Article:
The stress of this pandemic is taking a toll on many. Here’s where to go for help

Apr. 20, 2020

By Allyson Blair | April 17, 2020 at 3:53 PM HST - Updated April 17 at 8:44 PM

HONOLULU, Hawaii (HawaiiNewsNow) - The coronavirus pandemic has shuttered thousands of businesses, triggered tens of thousands of layoffs, and closed schools.

The new normal has been difficult for many. And it’s left some facing incredibly tough decisions.

Since the pandemic began, calls to the Aloha United Way 211 resource hotline have skyrocketed 1000%. The vast majority of callers are people struggling to pay rent and put food on the table.

It’s a constant stress that’s pushing people to their breaking point. “That’s what getting mental health treatment is about,” said Lt. Gov. Josh Green. “Getting through that rough spot.”

On average, 30% of Americans will suffer from depression at some point in their lives. Experts expect that number to nearly double in the wake of the coronavirus pandemic.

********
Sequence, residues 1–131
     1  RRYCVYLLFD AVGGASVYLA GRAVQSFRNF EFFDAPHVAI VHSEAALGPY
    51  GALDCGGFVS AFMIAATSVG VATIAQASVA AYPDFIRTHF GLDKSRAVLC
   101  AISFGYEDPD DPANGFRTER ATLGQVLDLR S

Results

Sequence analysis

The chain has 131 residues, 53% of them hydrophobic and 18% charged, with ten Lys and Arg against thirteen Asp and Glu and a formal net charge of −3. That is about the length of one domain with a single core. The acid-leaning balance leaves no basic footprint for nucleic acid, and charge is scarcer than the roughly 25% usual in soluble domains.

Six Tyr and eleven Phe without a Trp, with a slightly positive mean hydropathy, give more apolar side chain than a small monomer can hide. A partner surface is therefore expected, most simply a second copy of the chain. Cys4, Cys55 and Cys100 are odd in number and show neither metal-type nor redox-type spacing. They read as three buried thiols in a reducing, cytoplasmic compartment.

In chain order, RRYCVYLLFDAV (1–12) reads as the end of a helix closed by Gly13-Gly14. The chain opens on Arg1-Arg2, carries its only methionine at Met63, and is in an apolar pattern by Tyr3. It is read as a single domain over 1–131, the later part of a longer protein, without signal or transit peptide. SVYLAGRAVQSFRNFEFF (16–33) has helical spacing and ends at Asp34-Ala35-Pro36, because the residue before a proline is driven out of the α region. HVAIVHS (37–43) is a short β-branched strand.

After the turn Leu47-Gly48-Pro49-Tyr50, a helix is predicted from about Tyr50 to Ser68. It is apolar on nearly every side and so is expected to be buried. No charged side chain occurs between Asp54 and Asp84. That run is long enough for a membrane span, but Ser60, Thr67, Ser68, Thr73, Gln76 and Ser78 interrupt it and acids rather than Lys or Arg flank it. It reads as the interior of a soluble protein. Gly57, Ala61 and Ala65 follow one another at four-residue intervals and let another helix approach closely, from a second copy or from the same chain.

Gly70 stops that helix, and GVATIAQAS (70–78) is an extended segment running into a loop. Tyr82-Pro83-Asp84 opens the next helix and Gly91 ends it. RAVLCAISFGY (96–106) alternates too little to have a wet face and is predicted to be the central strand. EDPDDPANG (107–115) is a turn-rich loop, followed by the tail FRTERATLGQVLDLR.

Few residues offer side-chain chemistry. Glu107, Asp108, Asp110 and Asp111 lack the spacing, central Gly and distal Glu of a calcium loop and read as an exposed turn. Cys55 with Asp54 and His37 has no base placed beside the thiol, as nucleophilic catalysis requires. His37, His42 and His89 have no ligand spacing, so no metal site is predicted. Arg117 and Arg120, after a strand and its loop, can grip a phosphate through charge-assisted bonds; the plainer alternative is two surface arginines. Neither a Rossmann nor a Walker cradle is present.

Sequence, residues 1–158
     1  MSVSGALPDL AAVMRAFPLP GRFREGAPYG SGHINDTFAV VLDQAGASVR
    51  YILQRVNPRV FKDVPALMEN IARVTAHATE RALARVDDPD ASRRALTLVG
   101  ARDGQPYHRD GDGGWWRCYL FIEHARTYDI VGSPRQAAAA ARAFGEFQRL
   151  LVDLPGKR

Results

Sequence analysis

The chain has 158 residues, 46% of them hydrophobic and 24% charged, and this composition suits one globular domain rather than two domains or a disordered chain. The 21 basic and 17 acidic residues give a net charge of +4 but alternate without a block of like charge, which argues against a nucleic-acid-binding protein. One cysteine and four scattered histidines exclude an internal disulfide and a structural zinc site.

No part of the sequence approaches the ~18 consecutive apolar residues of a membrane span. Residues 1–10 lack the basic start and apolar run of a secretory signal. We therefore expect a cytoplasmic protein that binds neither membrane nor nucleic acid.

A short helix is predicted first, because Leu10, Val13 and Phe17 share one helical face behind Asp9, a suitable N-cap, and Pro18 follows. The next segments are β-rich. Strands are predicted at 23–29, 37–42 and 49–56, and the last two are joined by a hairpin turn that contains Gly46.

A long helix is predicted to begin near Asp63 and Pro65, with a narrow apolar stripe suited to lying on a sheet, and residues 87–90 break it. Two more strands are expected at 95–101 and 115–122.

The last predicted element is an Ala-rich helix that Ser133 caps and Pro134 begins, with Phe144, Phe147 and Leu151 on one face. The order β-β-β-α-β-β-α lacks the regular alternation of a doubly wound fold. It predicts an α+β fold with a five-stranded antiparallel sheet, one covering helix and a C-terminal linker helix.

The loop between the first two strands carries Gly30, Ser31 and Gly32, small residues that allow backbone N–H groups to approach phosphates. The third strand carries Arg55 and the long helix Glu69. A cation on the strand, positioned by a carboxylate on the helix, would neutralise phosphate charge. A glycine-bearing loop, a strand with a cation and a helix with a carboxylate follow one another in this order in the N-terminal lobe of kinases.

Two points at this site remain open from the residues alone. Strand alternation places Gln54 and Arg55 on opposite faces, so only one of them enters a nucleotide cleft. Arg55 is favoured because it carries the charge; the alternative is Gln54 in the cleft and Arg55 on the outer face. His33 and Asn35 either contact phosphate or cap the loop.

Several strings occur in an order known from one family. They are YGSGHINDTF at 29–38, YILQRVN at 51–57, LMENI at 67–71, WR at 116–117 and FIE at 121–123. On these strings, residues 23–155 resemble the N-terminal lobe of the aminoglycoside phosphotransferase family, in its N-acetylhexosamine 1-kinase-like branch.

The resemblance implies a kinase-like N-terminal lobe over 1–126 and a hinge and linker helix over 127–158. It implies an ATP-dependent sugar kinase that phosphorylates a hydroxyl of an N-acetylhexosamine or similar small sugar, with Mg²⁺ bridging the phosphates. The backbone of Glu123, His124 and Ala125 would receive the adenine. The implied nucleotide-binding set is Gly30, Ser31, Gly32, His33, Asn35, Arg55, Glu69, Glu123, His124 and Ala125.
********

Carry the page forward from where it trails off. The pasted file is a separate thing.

Green says a good option is tele-psychiatry.

“You can have a conversation, you can get feedback you can even have sessions and they’re waiving all sorts of restrictions and copays so people can actually get help when they need it and do it from home,” he said.


If you don’t have insurance, mental health experts say just talking to someone you trust can be helpful.

“Whether it’s churches or from their friends or family or support groups. People definitely need to reach out especially now when we’re all so disconnected,” said Steve Pavao, a mental health expert.


The state also has a crisis hotline that’s available 24 hours a day 7 days a week.

When you call you’ll be connected to professionals who specialize in helping people cope with crisis.

If you live on Oahu, call 832-3100. On the neighbor islands call 1-800-753-6879.

The National Suicide Prevention Lifeline can be reached at 1-800-273-8255.

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